I don’t think I need to explain any more.
- The second speaker, Gareth Bowker, illustrated how software patents would inhibit network security. If the network security guys cannot use network analysis tools (nmap etc) because of software patent restrictions then their ability to counter threats from crackers who do illegally use them will be severely limited. Insteresting, I hadn’t thought of that.
- An ISA representative made an attempt to explain why the ISA had supported the CIID and then reiterated their belief that patents were a good thing. To a less than convinced audience I might add, but sure God loves a trier. The panel were asked (by me) if they were surprised that an “Irish Software Association” was supporting the CIID, given the grassroots and SME opposition to the directive in Ireland. They indicated that at the time they didn’t have the time to look into the ISA’ s position but that they might in the future look at ISA’s membership more closely.
- A Microsoft attendee questioned the future of the European software industry without software patents, citing the apparent imminent arrival of hoards of Chinese software companies who will destroy us all if we (and our multinational overlords) have no patents to protect ourselves. The panel politely pointed out to him that Chinese software companies are just as entitled to obtain European software patents as the rest of us and they could use them to against the European software industry (if they were enforceable).
- An attendee from Google Ireland commented that copyright protection provided more protection to software development than is available in many other creative industries. He strongly asserted that software patents are not required. You know, it is very to like Google more when they articluate positions like this, especially when put side-by-side with the common Microsoft/IBM position.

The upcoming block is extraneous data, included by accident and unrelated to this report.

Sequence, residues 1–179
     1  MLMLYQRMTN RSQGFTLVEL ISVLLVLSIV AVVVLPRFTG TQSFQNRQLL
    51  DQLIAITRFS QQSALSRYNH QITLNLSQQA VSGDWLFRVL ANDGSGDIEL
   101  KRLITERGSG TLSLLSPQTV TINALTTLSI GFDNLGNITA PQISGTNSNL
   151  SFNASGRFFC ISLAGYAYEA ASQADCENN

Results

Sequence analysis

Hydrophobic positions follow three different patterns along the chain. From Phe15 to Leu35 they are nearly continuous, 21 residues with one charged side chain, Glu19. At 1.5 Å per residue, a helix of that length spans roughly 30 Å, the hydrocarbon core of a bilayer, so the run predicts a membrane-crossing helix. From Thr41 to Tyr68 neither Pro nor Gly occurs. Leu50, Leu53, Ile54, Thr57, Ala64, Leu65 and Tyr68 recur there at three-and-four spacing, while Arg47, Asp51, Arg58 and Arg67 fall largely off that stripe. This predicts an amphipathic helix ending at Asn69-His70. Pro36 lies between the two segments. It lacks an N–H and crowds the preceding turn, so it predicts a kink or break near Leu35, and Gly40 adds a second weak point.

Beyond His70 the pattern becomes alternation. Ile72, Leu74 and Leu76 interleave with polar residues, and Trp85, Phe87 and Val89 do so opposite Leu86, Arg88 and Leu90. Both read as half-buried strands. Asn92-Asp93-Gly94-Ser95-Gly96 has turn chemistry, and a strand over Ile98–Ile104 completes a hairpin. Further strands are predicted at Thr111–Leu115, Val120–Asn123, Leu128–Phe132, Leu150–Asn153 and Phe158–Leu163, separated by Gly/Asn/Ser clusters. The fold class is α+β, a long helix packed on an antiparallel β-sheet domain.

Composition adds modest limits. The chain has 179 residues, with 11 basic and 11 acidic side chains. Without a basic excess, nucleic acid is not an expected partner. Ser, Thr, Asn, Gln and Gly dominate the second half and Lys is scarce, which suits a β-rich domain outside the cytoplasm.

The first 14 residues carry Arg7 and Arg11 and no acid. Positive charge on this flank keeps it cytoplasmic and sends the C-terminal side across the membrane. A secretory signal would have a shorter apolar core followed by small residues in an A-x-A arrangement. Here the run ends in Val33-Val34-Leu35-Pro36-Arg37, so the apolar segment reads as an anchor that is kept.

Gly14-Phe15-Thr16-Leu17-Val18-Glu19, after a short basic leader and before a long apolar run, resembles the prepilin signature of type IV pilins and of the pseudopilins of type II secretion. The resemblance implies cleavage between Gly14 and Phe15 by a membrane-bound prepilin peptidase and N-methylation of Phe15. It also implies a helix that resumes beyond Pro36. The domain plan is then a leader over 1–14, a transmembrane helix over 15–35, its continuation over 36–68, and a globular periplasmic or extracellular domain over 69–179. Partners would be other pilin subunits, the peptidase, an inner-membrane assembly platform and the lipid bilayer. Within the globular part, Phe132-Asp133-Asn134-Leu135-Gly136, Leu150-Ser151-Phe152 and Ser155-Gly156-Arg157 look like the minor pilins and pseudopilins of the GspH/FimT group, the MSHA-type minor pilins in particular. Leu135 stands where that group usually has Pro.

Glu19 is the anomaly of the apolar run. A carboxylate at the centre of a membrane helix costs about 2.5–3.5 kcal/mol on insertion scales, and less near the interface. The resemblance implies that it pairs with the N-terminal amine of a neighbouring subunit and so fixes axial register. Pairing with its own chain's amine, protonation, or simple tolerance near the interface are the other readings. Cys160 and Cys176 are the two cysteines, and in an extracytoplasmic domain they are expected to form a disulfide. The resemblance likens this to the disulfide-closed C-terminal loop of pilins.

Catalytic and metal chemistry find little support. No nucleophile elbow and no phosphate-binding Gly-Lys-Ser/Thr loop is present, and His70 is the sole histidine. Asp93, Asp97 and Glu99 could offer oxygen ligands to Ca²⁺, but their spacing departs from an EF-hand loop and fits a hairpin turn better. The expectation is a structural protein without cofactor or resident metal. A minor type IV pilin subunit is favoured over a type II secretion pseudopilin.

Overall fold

- Two representatives of the Department of Enterprise, Trade and Employment made some comments in an attempt to try clarify the role of the European Patent Office in all of this. (The European Patent Office, despite it’s name, is not a European Union institution – it was established by the European Patent Convention) I’m not sure how much they clarified things but they did raise the interesting issue of how the EU and EPO related to each other.
- Poor Proinsias didn’t make it – he was stuck in Brussels somewhere.
Many thanks to the Irish Free Software Organisation and the European Parliament for arranging a very interesting seminar.
[Update: It just gets worse and worse for Sony/F4I - now they've found GPL (not LGPL) code in the rootkit]
Credit where credit is due, this post’s title was taken from a comment made by Stewart Baker, recently appointed by President Bush as the Department of Homeland Security’s assistant secretary for policy. (I’m not sure about his insinuations that this might make a bird flu pandemic worse but thatâ€™s another discussion).
This statement sums up many peoples sentiments on this whole issue. If buying bread and sticking it in your toaster caused every door and window in your house to fall off their hinges you’d be a bit annoyed. You might even think “Hmmm, I don’t like bread that much”.